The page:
One Federal Agency Was Suing Him for Fraud. Another Paid His Company Millions for Masks.

Court data present the federal authorities gave $20 million in contracts to an organization partly managed by a person with a historical past of shady enterprise practices.

This article was first revealed on Thursday, July 9, 2020 in ProPublica.

By J. David McSwane

Desperate to accumulate masks to sluggish the unfold of the novel coronavirus, two federal companies gave almost $20 million in contracts to a newly fashioned California firm with out realizing it was partly run by a person whose enterprise actions have been below sanction by the Federal Trade Commission, court docket data present.

On Tuesday, a U.S. District Court choose froze the corporate’s belongings, most of which had come from the Department of Veterans Affairs in a $5.four million masks deal. A narrative by ProPublica revealed Jason Cardiff’s position in working VPL Medical LLC in June.

Cardiff was sued by the FTC in 2018 in reference to an alleged fraudulent scheme involving smoking cessation strips and male sexual enhancement drugs and was below court docket order to report his revenue to a receiver. Cardiff was just lately held in contempt for violating that court docket order. By not disclosing his involvement with VPL, court docket data allege Cardiff was primarily hiding info from the FTC about cash his firm was getting from one other federal company, the VA.

California enterprise filings present that VPL was integrated simply 4 days earlier than it received the VA deal in April, and it went on to win a $14.5 million no-bid contract the following day from the federal workplace in control of the nationwide stockpile. Those filings don’t point out Cardiff as an organization proprietor. The FTC alleges in court docket data that Cardiff and a accomplice, Bobby Bedi, have been equal companions and had every paid themselves not less than $420,000 from the VA cash.

In May, when ProPublica requested VPL officers about Cardiff’s position, Bedi mentioned Cardiff was “a consultant.” In a latest submitting, the court docket receiver mentioned that characterization “strains credibility” and included images of an organization organizational chart exhibiting the 2 co-leading VPL.

When the VA signed the VPL deal, the company had been instructed by an organization consultant that Cardiff was the CEO of the corporate, in keeping with emails included within the FTC’s newest court docket filings.

That VPL consultant, Stacey Barker, was paid greater than $257,000 for serving to to shut the VA deal.

While the corporate isn’t on the checklist of banned federal contractors, a fast Google search reveals Cardiff had been repeatedly accused of fraudulent schemes.

The legal professional representing Cardiff and VPL, James B. White, argued that the FTC filings are the company’s notion, not the reality, and mentioned company filings don’t embrace Cardiff’s identify.

“What I’m suggesting to you is that is not the only interpretation of the documentary trail,” White instructed ProPublica. “Is it not possible in your world that the payments to Mr. Cardiff were for a consultancy?”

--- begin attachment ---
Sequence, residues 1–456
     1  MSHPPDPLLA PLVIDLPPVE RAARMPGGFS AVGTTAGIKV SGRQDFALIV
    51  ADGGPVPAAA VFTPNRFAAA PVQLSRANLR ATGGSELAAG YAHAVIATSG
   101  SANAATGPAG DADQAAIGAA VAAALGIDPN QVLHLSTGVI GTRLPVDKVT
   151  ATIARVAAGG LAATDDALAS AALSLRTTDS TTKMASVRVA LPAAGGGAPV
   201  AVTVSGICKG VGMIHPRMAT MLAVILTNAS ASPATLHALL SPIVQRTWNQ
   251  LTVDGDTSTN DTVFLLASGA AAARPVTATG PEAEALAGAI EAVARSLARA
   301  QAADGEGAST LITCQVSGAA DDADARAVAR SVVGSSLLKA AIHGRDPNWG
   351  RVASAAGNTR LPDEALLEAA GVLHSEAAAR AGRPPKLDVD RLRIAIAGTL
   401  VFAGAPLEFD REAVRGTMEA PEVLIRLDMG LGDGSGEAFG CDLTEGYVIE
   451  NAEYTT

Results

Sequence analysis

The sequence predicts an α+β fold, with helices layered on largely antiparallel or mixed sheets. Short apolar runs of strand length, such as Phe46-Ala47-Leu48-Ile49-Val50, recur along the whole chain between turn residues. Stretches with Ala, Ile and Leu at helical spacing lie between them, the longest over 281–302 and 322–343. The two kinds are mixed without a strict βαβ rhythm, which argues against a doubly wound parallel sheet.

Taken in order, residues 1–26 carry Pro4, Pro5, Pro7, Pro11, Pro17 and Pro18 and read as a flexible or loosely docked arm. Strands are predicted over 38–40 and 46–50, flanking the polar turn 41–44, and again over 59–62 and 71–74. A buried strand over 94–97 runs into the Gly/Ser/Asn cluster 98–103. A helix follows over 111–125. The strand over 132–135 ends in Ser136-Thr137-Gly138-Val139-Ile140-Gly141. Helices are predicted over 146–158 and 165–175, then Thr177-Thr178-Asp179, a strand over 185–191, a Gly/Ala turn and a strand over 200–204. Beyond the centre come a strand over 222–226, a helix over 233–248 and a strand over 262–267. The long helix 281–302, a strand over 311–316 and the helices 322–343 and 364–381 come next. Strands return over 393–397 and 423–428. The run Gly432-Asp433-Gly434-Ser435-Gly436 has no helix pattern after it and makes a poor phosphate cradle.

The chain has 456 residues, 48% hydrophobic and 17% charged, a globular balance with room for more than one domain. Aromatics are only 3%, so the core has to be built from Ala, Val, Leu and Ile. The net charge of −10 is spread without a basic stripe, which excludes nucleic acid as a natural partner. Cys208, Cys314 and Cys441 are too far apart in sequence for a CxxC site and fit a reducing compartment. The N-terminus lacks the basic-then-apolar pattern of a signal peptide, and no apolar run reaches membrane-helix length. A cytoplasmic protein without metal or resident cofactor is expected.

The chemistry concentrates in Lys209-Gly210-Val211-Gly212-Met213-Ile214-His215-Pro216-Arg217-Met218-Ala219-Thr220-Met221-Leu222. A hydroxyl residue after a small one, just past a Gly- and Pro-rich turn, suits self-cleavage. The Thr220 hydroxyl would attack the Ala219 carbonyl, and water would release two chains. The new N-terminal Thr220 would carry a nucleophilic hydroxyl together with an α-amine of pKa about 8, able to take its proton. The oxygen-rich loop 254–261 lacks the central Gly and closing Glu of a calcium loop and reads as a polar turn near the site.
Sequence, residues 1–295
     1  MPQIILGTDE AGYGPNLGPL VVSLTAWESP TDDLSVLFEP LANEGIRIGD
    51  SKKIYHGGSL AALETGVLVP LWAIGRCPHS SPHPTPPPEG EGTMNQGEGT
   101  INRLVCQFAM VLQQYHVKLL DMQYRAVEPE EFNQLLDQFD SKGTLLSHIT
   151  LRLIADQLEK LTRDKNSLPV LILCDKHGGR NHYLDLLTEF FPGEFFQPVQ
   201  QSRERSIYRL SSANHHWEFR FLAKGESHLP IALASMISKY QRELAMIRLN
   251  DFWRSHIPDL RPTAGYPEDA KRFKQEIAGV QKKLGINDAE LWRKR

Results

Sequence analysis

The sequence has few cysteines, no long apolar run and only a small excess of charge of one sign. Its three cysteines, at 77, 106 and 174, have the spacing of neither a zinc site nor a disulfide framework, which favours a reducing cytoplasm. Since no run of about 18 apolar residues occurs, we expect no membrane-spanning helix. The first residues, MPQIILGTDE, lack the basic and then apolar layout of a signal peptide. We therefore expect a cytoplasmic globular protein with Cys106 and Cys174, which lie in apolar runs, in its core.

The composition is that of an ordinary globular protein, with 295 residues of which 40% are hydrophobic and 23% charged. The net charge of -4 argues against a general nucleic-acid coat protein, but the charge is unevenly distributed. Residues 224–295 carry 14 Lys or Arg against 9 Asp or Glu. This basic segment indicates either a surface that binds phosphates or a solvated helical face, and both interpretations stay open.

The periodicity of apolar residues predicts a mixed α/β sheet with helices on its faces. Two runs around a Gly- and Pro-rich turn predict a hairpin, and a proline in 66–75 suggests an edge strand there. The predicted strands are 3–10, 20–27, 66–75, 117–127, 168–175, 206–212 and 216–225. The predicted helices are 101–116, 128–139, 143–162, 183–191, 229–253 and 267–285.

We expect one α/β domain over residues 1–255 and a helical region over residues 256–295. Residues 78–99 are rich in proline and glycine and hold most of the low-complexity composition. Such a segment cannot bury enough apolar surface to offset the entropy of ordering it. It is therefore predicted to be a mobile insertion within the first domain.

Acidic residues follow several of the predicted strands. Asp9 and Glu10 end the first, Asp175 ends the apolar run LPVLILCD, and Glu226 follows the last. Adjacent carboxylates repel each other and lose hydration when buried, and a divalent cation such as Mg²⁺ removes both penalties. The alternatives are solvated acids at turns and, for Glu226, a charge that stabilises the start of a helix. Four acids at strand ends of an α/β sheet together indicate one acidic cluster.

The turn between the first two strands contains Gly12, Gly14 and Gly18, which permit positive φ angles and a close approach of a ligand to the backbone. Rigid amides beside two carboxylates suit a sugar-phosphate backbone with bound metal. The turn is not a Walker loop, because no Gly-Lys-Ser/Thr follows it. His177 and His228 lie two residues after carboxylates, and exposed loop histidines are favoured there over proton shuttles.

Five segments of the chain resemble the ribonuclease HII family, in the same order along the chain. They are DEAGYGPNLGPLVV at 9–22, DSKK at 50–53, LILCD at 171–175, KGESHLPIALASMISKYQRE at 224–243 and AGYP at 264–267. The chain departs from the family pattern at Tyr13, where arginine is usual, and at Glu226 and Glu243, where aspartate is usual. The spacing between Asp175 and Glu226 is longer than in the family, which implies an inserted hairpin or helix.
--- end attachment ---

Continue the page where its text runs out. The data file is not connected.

The VA, which has struggled to offer protecting gear to medical staff on the largest hospital system within the nation, mentioned the corporate efficiently offered eight million surgical masks. VPL has but to ship below its separate contract with the U.S. Department of Health and Human Services, in keeping with the corporate’s lawyer and court docket data.

The federal authorities and states have fueled an unregulated, chaotic market for masks dominated by oddballs, ganjapreneurs and a shadowy community of traders.

Cardiff and Bedi didn’t reply to requests for remark. A VA spokeswoman mentioned VPL met primary standards for a contract award.

“If you have concerns about the federal laws governing the federal contracting process, you should direct them to the relevant congressional committees of jurisdiction,” mentioned the spokeswoman, Christina Noel.

In 2018, the FTC sued to close down Cardiff and a special firm operated by him and his spouse, describing it as a pyramid scheme. It alleged that the agency concerned robocalling folks and making “false and unsubstantiated claims for dissolvable film strips advertised for smoking cessation, weight loss, and male sexual performance.”

A federal court docket issued an injunction, shutting down the Cardiffs’ enterprise and freezing their belongings. In March, Cardiff was present in contempt of court docket for, amongst different issues, hiding 1.5 million Canadian (about $1.1 million) in belongings. The case is ongoing, with the newest injunction freezing VPL belongings.

The FTC alleged that Cardiff was funding a lavish way of life via an account he had opened within the identify of his 90-year-old father.

“The Cardiffs are spending nearly $17,000 per month,” court docket data state. “On Bentley, Porsche, and Range Rover lease payments, private elementary school tuition, restaurants, phone and cable bills, salons and spas, pet grooming, a 5-star hotel in New York City, music lessons, taekwondo lessons, ride shares, movie theaters, and other lavish expenditures.”

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ProPublica is an impartial, non-profit newsroom that produces investigative journalism within the public curiosity.

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